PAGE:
Late bloomers.

24 Feb

Over the past 10 years alone I have coached in excess of 25 players who have plied their tennis overseas, most of them at US Colleges. It is a great thing to see players strive and achieve their dreams. And many of these players were “also ran” juniors. What they had was the ability to not lose sight of their dreams, and to stick at the task in hand.

You don’t have to be a child prodigy to go places in tennis. In Australia we have had many examples of the “late bloomer” on the world stage – Wayne Arthurs, a doubles journeyman until his late twenties, went on to win his first ATP tour singles title after turning 30, Peter Luczak much the same; even Sam Stosur to some degree is a classic late bloomer. Top 50-100 most of her early career, now late 20’s and she is a WTA top tenner.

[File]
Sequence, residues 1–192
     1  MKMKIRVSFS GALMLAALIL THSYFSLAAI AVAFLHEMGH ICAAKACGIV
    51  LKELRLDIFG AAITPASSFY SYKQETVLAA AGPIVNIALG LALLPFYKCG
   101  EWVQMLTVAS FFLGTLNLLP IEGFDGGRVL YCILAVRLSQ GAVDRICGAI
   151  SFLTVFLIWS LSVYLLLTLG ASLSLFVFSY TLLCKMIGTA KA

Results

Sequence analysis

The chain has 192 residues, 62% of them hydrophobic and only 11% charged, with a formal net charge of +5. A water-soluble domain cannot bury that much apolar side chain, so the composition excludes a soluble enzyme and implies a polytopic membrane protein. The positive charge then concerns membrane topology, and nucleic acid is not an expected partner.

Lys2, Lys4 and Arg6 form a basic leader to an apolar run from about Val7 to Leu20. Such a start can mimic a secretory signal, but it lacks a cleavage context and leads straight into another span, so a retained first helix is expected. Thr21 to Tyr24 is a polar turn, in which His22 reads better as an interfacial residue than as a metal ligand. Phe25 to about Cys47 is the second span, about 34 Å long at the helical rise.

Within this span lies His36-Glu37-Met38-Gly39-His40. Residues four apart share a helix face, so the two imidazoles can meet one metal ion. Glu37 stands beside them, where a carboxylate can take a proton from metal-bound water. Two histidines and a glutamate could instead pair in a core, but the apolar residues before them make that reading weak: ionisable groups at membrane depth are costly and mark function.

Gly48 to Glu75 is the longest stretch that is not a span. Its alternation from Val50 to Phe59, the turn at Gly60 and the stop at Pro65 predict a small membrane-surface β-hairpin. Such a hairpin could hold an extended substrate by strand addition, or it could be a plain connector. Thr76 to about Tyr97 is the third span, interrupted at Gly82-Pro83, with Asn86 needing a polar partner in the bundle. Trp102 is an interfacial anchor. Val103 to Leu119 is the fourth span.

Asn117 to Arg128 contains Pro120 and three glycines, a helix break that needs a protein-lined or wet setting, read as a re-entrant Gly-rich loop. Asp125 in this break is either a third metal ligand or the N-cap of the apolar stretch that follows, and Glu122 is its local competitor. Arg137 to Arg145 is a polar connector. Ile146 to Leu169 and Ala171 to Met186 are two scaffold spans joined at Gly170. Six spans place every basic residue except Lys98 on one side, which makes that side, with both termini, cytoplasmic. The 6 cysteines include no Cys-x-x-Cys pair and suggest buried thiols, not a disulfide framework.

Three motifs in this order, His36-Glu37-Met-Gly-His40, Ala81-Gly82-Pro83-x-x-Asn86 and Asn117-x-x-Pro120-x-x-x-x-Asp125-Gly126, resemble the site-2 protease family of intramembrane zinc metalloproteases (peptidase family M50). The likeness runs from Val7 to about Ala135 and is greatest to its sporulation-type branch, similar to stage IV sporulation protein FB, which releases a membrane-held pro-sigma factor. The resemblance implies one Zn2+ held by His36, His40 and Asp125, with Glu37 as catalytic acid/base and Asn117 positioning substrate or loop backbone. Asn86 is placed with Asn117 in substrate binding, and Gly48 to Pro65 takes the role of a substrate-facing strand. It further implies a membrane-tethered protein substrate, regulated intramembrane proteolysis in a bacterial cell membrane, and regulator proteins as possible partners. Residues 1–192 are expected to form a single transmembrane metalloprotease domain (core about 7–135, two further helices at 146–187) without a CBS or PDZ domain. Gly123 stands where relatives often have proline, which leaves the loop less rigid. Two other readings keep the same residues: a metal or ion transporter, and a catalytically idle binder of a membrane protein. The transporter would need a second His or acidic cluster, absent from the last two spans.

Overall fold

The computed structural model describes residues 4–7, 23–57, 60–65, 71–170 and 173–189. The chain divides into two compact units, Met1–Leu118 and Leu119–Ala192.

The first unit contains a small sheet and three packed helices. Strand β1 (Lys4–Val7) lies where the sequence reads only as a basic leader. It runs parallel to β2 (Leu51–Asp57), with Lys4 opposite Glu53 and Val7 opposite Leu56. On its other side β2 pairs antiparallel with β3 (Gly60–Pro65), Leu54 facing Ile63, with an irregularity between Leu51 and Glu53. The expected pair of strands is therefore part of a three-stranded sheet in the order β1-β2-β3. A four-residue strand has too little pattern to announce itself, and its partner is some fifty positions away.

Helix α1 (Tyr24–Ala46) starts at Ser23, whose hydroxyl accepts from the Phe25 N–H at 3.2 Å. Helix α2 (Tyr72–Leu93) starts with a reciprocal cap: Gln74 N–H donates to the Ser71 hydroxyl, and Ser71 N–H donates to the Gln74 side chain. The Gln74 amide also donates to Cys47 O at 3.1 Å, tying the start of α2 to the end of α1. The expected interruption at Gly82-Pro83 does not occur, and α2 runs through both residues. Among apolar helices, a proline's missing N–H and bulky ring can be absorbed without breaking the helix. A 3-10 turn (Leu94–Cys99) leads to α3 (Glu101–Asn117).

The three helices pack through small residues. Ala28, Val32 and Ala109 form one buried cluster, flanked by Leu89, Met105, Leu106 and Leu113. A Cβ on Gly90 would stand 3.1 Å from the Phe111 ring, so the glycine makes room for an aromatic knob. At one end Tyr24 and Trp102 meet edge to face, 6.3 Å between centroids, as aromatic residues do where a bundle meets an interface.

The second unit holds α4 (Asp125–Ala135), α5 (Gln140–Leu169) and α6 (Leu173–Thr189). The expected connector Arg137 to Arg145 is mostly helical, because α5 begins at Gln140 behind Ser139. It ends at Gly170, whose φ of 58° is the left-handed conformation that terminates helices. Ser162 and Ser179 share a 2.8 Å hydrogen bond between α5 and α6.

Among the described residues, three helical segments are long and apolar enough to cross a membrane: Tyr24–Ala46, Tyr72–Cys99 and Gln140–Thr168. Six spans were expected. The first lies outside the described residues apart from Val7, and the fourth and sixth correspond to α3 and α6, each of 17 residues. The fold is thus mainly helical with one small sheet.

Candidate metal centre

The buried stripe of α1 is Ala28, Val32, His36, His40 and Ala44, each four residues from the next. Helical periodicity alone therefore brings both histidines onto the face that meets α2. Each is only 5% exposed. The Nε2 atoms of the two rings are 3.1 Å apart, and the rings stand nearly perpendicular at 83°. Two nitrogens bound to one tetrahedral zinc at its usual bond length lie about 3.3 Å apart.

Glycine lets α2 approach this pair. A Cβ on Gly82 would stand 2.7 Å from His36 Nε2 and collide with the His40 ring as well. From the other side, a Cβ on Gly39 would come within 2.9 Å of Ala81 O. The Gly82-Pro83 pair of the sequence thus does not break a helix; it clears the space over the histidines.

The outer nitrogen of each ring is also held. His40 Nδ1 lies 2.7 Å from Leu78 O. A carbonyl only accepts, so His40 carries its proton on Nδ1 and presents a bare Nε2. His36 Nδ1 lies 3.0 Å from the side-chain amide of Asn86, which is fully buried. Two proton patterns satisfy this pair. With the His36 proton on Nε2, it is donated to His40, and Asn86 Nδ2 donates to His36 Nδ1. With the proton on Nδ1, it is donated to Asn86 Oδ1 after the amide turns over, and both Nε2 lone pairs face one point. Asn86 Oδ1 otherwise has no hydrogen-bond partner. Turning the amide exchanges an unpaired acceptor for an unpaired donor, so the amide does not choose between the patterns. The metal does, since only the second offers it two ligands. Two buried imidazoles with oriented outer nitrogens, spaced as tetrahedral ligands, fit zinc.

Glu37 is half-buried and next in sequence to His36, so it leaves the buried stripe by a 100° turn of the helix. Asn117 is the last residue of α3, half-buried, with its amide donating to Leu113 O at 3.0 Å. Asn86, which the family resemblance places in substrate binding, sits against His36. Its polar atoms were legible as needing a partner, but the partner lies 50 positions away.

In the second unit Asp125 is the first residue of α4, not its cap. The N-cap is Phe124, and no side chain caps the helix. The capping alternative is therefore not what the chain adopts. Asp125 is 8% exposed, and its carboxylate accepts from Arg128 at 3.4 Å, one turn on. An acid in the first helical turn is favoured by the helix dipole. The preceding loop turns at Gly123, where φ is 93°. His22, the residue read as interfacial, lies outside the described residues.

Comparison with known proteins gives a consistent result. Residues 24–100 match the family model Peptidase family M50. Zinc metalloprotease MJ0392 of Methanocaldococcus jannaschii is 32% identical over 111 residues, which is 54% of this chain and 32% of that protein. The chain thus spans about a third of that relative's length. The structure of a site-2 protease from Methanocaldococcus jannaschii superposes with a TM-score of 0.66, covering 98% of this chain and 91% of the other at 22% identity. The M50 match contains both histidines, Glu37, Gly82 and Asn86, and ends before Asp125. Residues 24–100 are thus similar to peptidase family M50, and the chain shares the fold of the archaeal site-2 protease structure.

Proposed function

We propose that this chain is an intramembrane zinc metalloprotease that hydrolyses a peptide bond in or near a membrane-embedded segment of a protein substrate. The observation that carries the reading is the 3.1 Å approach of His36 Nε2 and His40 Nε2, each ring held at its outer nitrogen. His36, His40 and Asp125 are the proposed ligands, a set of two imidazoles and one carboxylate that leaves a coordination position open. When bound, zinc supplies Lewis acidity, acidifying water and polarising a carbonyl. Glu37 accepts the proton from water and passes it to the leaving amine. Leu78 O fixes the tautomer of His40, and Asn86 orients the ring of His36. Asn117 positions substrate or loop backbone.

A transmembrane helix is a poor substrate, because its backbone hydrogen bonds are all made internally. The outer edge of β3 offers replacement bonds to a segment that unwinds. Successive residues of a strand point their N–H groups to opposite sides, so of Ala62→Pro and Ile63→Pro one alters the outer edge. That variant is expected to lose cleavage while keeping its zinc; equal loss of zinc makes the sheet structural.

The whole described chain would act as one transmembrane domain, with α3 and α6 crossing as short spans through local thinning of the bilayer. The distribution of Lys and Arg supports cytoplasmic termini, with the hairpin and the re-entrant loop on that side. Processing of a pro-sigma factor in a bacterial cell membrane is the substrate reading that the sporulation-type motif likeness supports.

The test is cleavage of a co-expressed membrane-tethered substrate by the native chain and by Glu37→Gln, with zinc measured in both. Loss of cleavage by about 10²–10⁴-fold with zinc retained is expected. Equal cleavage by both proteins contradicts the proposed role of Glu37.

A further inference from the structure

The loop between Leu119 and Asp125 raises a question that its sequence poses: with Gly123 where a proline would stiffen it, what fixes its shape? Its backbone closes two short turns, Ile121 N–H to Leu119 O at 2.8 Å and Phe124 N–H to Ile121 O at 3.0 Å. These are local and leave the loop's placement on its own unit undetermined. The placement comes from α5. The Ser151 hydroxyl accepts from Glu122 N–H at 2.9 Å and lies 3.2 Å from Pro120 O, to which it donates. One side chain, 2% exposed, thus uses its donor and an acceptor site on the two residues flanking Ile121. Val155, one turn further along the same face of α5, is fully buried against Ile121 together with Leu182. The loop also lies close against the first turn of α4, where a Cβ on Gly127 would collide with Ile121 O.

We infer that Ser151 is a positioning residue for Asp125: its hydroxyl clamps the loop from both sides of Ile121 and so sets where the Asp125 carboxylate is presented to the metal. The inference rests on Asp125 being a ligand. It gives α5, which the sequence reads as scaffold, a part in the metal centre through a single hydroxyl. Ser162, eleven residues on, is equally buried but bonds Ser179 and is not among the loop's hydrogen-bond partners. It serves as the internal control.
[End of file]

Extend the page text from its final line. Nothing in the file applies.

You could even argue Pat Rafter fits the bill – whilst he did breakthrough as a 19 year old – as a junior Rafter could not make Queensland state teams. The message here is simple – sometimes it is the player that starts late, has a real passion for the game in their more enlightened years, has not suffered “burn out” and does not take things for granted that pushes through to be the better player. This is why all juniors should stay involved and engaged with the sport. Keep chipping away at your targets and goals and look to achieve that breakthrough.

Like everyone’s Mum used to say – “Better late than never”

The PRO.

PS. check out the link which is a good example of one such player.

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